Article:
of the great Greek heroes, Jason was born to Aeson, king
of Iolkos in Thessaly, and grew up under the care of the wise
Centaur Cheiron, after he had been smuggled out of the city, his
father's throne having been usurped by his stepbrother, Pelias.
At the age of twenty, Jason was told by an oracle to return to
Iolkos and present himself to Pelias, claiming back his father's
throne. Pelias, however, had also been advised by an oracle that
a descendant of Aeson would dethrone him, and moreover, that that
descendant would appear wearing only one sandal.
his way back to Iolkos, Jason had to ford the river Enipeus, and
was helped across by Hera, taking the form of an old woman. In
the crossing, however, Jason lost one sandal, and so arrived at
the court of Pelias wearing but one sandal. The king, recognizing
him, but reluctant to abdicate, instead set Jason the task of
proving himself, by fetching the fabled Golden Fleece from Aea
- Capital of Kolchis. Agreeing to this, Jason set about having
a ship built, the largest vessel at the time, which he called
Argo. When the ship was ready, he sent out a call for the greatest
heroes in Greece to join him on his quest. Among those who answered
his call were Hercules, Castor and Pollux, Meleagros, Orpheus,
Peleus, Neleus, Admetos, Theseus, Peirithoos, his personal friend,
and two sons of the wind god Boreas, called Kalais and Zetes.
story of the Golden Fleece was thus:Nephele, the departed
wife of Athamas, himself a son of Jason's grandfather, the wind
god Aeolos, appeared to Athamas, warning him that his new wife,
Ino, disliked her two children, Phrixos and Helle, and was plotting
to kill them. To save the two children, Nephele presented to Athamas
a large golden ram, on which the two children escaped over the sea,
Helle being drowned on the way. But Phrixos survived, and landing
at Kolchis, sacrificed the ram to Zeus, and hung the fleece up in
the temple of Ares. The heroes, or Argonauts, as they became known,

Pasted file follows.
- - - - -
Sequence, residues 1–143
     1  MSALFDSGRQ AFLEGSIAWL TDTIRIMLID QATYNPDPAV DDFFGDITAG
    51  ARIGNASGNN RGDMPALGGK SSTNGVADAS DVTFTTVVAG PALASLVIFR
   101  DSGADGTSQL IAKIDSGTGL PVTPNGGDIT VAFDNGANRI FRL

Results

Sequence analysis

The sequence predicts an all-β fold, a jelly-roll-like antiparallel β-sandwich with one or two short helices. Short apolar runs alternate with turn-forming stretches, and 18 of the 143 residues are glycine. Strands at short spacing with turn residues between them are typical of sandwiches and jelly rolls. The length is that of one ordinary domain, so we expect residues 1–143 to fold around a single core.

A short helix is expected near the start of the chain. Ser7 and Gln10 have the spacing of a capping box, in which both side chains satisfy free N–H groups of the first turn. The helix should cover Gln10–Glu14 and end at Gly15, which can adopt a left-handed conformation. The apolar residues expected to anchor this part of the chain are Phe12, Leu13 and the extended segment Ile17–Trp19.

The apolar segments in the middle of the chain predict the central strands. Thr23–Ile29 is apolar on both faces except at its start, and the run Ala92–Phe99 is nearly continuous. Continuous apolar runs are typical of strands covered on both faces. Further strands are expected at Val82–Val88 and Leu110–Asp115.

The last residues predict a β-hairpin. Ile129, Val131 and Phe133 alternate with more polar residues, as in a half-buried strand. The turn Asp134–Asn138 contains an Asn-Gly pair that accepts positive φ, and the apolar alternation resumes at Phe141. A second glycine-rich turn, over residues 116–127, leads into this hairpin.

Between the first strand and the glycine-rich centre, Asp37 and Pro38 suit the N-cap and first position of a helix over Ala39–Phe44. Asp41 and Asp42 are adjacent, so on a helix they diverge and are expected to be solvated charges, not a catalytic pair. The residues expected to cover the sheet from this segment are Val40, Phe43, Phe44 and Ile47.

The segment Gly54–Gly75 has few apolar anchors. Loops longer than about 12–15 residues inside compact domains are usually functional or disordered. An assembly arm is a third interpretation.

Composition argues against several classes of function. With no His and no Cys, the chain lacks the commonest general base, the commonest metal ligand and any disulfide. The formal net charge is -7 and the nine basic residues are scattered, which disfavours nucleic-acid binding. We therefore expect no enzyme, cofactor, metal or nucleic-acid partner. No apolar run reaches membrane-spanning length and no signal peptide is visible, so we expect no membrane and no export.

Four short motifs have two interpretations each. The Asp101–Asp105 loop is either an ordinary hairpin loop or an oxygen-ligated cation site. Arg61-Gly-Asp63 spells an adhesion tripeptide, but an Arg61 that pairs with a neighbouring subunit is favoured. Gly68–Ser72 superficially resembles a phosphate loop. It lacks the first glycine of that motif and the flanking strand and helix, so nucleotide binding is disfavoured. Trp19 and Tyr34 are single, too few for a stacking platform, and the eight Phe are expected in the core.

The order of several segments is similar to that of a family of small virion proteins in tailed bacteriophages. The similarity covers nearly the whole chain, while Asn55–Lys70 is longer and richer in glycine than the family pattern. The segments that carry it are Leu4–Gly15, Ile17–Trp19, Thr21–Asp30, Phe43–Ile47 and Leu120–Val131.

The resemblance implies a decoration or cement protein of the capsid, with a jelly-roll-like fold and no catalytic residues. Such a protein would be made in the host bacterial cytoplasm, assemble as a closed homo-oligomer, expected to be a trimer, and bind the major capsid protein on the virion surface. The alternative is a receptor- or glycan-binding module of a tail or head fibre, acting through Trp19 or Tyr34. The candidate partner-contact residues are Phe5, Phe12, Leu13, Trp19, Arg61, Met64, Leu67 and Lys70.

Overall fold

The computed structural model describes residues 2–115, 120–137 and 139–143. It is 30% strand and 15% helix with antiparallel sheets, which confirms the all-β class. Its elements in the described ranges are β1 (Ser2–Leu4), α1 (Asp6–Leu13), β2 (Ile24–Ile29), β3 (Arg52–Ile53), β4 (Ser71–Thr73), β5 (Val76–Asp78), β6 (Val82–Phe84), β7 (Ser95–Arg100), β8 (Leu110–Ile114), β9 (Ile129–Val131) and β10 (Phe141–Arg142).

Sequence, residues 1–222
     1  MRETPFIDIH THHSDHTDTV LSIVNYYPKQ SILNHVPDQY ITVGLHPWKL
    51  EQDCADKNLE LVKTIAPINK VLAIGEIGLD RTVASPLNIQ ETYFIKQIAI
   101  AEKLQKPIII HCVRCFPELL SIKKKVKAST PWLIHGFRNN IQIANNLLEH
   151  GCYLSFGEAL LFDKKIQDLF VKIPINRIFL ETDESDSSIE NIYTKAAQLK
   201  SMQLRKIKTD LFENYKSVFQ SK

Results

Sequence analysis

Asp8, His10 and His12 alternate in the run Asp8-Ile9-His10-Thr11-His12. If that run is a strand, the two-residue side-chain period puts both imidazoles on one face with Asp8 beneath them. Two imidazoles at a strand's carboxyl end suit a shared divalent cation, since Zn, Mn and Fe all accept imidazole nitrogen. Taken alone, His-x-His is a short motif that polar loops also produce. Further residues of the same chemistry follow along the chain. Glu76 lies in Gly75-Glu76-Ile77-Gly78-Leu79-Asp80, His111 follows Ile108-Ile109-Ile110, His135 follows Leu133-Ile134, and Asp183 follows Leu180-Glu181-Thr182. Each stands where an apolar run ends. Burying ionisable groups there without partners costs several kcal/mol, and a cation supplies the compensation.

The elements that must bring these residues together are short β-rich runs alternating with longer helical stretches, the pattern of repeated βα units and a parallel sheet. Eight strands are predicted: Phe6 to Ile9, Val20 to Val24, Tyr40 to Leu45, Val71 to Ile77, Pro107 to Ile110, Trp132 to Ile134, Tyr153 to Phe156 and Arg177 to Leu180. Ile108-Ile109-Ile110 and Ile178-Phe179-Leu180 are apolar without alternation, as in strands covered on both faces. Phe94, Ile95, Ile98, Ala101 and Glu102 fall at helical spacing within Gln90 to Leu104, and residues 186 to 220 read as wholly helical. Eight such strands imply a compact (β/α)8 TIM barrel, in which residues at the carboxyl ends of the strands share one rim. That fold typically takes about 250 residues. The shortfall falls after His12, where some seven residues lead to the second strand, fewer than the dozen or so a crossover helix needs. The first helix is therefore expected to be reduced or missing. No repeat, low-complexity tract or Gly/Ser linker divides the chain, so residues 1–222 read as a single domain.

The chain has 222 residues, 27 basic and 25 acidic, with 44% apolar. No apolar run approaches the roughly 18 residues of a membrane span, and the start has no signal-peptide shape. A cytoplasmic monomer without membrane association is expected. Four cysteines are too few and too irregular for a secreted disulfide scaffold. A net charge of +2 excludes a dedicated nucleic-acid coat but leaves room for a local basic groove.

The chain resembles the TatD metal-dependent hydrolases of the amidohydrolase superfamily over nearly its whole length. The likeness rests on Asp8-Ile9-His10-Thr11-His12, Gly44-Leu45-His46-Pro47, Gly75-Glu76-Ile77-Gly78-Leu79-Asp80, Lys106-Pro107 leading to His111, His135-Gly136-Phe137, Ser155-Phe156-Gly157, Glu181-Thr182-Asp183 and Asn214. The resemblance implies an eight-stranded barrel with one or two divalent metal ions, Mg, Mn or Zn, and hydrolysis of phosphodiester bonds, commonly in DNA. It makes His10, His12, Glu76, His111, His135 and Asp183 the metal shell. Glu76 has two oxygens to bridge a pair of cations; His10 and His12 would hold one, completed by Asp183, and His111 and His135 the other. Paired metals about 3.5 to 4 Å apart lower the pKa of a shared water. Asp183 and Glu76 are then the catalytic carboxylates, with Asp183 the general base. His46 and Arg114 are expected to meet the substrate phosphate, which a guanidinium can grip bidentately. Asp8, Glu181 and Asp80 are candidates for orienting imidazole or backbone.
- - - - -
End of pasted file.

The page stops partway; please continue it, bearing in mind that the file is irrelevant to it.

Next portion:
set off on their search, and reached the island of Lemnos, where
they stayed awhile, siring a new race of heroes. Jason fell in love
with Hypsipyle, who bore to him a son called Euneos. Leaving the
island, the heroes proceeded to Kyzikos, where Hercules, having
broken his oar, went ashore to cut wood for a new one, accompanied
by Hylas. But some nymphs on the island, taken with the beauty of
Hylas, captured him, and Hercules resolved to remain there until
he rescued his friend. The expedition could not wait, and the Argonauts
had to proceed without their greatest hero.
they reached Scutari, where the king, Amykos challenged them to
a boxing match, as he did all strangers in his land. Famed as a
boxer, and as a man of extraordinary cruelty, Amykos nevertheless
met his match in Pollux, and the Argonauts continued their journey,
reaching the district where the blind Phineus lived, constantly
plagued by Harpies. Kalais and Zetes released him from this bondage,
driving the foul creatures off, and in gratitude the aged man showed
them a safe path through the Symplegades, two giant cliffs that
closed together, crushing all caught in their deadly embrace. Jason
sent a pigeon through the gap, and the rocks closed on the bird.
Then, as they were moving apart again, the Argo sailed quickly through,
passing safely, with the loss of her rudder only.
the heroes reached Kolchis, but the king there, Aeetes, refused
to give up the fleece unless the Argonauts could perform certain
tasks for him. The first was to yoke his unmanageable bulls, which
snorted fire and had hooves of brass, to a plough, and then to sow
the fields with dragon's teeth, from which armed men would spring
in the furrows. This was all done, and Jason was allowed fetch the
Golden Fleece, which was guarded by a huge dragon where it hung
on an oak, in a grove sacred to Ares. Jason, however, had been made
proof against fire and sword by Medea, and he succeeded in
taking the fleece.
Argonauts left Kolchis, Jason taking with him Medea, Aeetes' daughter.
When he missed her, the king gave chase, and was only stopped when
Medea, dismembering her younger brother and casting the pieces in
the sea, delayed him. Jason returned to present the Golden Fleece
to Pelias, who, refusing yet to give over the throne, was slain
by the hero, who then ruled over Iolkos, as well as Corinth, which
Medea's father had ruled before leaving for Kolchis. Jason ruled
for some years with Medea by his side, but then he formed a relationship
with Kreusa, and married her. Incensed by this, Medea sent her rival
a poisoned dress, which took her life, and not content with this,
set fire to the palace of her father, Kreon, and slew all the children
she herself had borne to Jason. Then she fled to Athens, where she
married Aegeus, living with him until Theseus drove her out. Jason
himself, troubled at the grief his ex-wife had caused, retired to
the isthmus of Corinth, where the Argo lay. But on approaching the
ship, part of the stern gave way and fell on him, killing him.
MEDICINE derives from Medea since it was believed that she possessed
healing powers by mixing herbs and people were coming to her from
all over Kolchis for cure.
Voyage Route Map